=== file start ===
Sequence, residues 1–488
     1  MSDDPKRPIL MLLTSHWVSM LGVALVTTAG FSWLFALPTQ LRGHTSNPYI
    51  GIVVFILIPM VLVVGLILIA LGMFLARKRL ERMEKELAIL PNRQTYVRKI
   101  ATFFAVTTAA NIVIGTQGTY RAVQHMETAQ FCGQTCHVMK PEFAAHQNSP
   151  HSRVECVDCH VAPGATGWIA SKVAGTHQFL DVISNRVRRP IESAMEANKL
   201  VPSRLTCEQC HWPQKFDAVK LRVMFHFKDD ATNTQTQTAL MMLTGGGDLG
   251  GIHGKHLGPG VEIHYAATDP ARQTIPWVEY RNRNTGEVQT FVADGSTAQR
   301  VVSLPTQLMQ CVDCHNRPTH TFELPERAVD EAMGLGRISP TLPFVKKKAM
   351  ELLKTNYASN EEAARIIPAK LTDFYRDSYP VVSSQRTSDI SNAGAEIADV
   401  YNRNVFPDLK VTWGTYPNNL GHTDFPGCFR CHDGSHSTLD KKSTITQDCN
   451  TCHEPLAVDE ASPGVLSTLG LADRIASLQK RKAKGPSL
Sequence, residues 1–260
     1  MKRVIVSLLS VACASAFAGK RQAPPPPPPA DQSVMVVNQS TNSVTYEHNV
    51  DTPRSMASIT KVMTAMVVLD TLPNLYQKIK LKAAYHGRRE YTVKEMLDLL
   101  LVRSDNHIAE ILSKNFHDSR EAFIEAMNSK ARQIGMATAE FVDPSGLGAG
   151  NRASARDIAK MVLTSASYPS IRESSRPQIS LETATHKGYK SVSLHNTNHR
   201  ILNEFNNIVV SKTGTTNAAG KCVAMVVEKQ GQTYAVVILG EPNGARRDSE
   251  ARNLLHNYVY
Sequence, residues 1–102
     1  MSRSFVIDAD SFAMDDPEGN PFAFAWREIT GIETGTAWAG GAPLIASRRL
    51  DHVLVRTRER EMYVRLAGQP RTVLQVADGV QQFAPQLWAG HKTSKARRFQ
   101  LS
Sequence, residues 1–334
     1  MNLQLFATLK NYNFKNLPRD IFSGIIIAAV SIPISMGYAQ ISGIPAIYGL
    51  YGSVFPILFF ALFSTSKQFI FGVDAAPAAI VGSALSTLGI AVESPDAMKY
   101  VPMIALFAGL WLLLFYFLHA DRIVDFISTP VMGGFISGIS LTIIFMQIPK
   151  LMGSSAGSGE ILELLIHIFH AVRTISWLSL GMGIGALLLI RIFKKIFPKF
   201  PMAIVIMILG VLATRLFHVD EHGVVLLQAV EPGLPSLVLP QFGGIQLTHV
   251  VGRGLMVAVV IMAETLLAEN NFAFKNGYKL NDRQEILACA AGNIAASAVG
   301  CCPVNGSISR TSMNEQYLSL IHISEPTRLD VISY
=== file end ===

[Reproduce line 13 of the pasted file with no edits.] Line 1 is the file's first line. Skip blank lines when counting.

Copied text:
     1  MKRVIVSLLS VACASAFAGK RQAPPPPPPA DQSVMVVNQS TNSVTYEHNV